Increase of the EU climate target: Progress, but no breakthrough

Erhöhung des EU-Klimaziels: Ein Fortschritt, noch kein Durchbruch

Following an all-night marathon meeting, the heads of state and government of the European Union agreed early on Friday morning to cut the greenhouse gas emissions in EU countries by at least 55 percent by 2030, against to 1990. This is a step forward, but not a breakthrough, on the way to reducing global warming to significantly less than 2 degrees Celsius by the end of the century in order to avoid climate collapse. This is what more than 190 countries had committed to at the UN climate summit in Paris five years ago.

Until the end, there was significant disagreement as to whether EU countries should follow the proposal of the EU Commission to increase the target for greenhouse gas reduction from 40 percent to at least 55 percent by 2030. While Denmark, Sweden and Finland were aiming for an even higher goal, Eastern European countries, such as Poland, the Czech Republic and Hungary, are having a hard time letting go of coal. Only after pulling a tough all-nighter were the 27 heads of state and government able to agree to the 55 percent goal at the EU summit in Brussels. To support EU countries on this path, funds from the Modernization Fund, with contributions from the European emissions trade, and the Just Transition Fund will be provided for the transition in coal regions. Furthermore, at least 30 percent of the EU Coronavirus Recovery Fund is to be used to implement the climate goals.

Why is there still so much disagreement among states?

As pleased as I am about the agreement and the provision of the funds, I am also aware that it is only a stage victory. After all, in order to achieve the Paris goals, the EU would actually have to set itself a savings target of at least 65 percent by 2030. In addition, no reduction targets have been decided at the individual country level. After all, the overall target can only be achieved if each country makes a tangible contribution. There will certainly be more lively debates on this topic. And yet, it is obvious that the climate crisis endangers the existence of mankind and that we must act quickly and decisively to prevent this. The longer we wait, the more means we will need to deploy to avoid the greatest possible harm.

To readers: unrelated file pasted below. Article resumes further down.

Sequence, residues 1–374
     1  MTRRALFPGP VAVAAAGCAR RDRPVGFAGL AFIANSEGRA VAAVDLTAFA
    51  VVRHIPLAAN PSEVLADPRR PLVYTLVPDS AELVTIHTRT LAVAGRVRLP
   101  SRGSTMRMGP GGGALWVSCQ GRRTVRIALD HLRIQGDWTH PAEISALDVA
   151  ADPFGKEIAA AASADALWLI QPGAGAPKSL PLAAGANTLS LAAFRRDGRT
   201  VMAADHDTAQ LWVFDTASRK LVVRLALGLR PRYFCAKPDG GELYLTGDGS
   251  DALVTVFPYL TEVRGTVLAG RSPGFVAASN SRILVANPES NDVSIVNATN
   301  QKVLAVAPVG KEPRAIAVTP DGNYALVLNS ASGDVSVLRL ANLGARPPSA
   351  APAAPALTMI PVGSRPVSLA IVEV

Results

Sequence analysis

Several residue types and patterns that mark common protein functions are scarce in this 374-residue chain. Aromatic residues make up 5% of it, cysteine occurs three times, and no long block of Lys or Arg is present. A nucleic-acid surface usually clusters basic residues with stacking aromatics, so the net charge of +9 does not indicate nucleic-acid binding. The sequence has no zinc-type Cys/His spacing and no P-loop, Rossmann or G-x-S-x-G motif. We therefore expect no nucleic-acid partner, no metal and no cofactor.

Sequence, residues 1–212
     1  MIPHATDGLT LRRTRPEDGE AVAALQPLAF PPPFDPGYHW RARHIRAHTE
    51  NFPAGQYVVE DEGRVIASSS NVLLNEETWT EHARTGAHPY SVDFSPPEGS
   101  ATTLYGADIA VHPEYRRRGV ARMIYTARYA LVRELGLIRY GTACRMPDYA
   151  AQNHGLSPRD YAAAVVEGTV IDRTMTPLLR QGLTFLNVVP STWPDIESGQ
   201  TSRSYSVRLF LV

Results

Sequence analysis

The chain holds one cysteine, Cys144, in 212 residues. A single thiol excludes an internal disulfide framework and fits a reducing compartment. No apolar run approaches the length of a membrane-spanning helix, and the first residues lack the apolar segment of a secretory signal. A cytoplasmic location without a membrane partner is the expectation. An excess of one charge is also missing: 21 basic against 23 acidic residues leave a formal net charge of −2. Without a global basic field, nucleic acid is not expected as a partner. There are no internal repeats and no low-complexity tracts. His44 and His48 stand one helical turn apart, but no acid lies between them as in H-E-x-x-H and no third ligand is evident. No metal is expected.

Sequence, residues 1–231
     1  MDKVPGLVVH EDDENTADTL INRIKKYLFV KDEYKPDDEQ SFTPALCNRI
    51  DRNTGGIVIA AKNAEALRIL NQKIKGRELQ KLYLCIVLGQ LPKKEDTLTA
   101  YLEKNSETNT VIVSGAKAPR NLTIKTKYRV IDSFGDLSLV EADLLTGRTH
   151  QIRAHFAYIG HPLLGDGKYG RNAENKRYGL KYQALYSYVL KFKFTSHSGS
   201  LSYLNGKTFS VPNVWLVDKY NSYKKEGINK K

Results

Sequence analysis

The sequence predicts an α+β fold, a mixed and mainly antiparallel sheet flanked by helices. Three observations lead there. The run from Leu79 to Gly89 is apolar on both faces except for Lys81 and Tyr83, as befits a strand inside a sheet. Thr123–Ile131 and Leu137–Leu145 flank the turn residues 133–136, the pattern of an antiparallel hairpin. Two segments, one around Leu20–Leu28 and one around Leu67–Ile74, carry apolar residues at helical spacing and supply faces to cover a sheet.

Only decisive, joint action can stop the crisis

My wish, at the end of the hottest year on record and five years after the groundbreaking Paris climate agreement, is for all players to become aware of the urgency of stopping the climate crisis and, regardless of short-term individual interests, to act jointly. Only then do we have a chance of leaving behind a livable planet for our children and grandchildren.


Here SMA CEO Jürgen Reinert writes about topics that move him.


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